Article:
Article 199 of the 1992 Constitution, amended by the insertion after clause (3), and dealing with retirement and pensions, provides that: “The pension payable to any person shall be exempt from tax.” Further to this constitutional provision, Act 766 of 2008 categorically exempts pensions from taxes.


These clarifications were provided by the deputy minister of Finance, Hon. Casel Ato Forson to assure the public that, there were no such plans by the government to tax pensions.

While that is reassuring, it remains unclear as to why the Finance Minister would provoke such a needless public debate in an election year, and in the wake of public outcry over unbearable utility and fuel prices, and general worsening conditions of living.

At the Graphic Business/Stanbic Bank Business Breakfast Series on the topic, “The New Tax Law: Its Implications for the Economy and Businesses, Mr TerKper said the government had had to resort more to taxes as a source of revenue to correct the fiscal gaps.

“Perhaps we will have to exempt a certain level of income on the pension so that those who are fortunate enough to make fat pensions may pay a little tax,” Mr Terkper suggested, adding, “…remember that as you make your social security contributions, they are exempt from tax even though it is part of your income.

It is difficult to say, whether Mr Terkper spoke in the full knowledge of the constitutional provision in respect of pensions, or he spoke totally out of ignorance of the provision, which finds further expression in the Income Tax law, Act 766 of 2008. If he was aware of these constitutional and legal provisions and yet went ahead to provoke such debate, then, that can be described as an attempted political suicide, and even if he was oblivious of them, that would have been more serious and casted doubt on his knowledge and competence as a finance minister.

Finance Minister Terkper argues that, no country in history has successfully maneuvered through the kind of economic challenges Ghana finds itself, without increasing taxes; and challenged his detractors “to look at Spain, Ireland, and other countries who have done a turn-around in their fortunes and look at the instruments they used and see whether they did not use tax instruments.”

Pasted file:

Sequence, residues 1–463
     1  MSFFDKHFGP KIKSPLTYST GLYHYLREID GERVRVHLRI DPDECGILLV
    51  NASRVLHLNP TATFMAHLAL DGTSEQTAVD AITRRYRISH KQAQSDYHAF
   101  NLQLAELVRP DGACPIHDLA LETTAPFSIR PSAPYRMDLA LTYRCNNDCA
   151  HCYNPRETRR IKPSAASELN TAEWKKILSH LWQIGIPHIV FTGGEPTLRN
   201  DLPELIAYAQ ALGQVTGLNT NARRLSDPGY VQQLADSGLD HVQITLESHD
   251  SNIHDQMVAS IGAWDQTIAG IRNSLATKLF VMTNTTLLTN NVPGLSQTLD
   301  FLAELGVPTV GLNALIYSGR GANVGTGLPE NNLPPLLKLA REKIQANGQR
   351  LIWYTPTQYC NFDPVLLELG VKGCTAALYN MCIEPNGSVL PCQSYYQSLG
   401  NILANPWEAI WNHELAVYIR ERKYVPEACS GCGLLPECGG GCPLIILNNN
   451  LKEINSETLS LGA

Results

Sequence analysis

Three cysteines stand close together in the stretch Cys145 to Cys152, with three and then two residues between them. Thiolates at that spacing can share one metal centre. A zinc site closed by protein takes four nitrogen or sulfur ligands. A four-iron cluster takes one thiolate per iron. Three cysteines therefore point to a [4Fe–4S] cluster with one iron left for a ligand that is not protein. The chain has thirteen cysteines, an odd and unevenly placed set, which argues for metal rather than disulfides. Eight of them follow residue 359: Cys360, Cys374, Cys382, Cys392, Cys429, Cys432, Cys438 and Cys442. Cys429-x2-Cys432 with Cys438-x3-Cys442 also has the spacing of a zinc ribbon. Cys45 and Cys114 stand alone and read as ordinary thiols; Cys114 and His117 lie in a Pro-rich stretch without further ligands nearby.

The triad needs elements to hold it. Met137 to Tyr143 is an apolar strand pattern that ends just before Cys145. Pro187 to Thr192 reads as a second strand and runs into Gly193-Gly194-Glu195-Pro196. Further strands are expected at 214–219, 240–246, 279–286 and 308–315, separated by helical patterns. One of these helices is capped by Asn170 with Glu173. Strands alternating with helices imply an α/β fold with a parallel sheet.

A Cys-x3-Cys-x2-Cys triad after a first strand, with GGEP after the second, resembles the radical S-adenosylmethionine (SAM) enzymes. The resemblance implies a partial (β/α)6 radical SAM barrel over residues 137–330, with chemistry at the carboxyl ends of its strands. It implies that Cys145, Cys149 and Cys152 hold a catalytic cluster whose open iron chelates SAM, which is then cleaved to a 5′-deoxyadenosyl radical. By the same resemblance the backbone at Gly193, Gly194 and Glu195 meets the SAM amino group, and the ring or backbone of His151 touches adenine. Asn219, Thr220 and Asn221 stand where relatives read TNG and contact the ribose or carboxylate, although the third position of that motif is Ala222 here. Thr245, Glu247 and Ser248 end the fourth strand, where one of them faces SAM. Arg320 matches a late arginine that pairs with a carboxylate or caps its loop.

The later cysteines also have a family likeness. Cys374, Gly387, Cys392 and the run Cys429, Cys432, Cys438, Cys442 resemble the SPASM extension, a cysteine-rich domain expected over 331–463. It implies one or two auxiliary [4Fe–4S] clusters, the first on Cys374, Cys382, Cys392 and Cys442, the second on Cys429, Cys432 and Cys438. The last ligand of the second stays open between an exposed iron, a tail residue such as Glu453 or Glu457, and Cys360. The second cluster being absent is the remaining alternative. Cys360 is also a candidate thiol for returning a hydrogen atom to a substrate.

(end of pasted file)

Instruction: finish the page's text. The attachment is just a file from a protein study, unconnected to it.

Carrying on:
The uproar generated by the Finance Minister’s controversial views was widespread, and it came as no surprise, when the Deputy General Secretary of the ruling National Democratic Congress, Koku Anyidoho stepped into the fray to halt the obvious political damage that was unfolding as a result of the statement.

“The NDC party will not sit down again…We will not sit down again… No individual minister will walk us into opposition. No individual minister will walk us into opposition, it will not happen, it cannot happen…”, he said on Muntie FM.

But what the Public Agenda finds most intriguing is the pledge by the New Patriotic Party running mate for the 2016 elections, Dr Mahamudu Bawumia, on Friday’s edition of Graphiconline, that “a future NPP government will review the Income Tax Act 2015 to abolish the taxes on pensions and allowances.” This is the most confusing part of the whole debate that raged for days. We are not sure how Dr Bawumia and the NPP will remove taxes on pension when they don’t exist in the first place, and the constitution prohibits such taxes.

Some circumspection on what politicians say on political platforms will help make voters take them more seriously.

Source: Public Agenda


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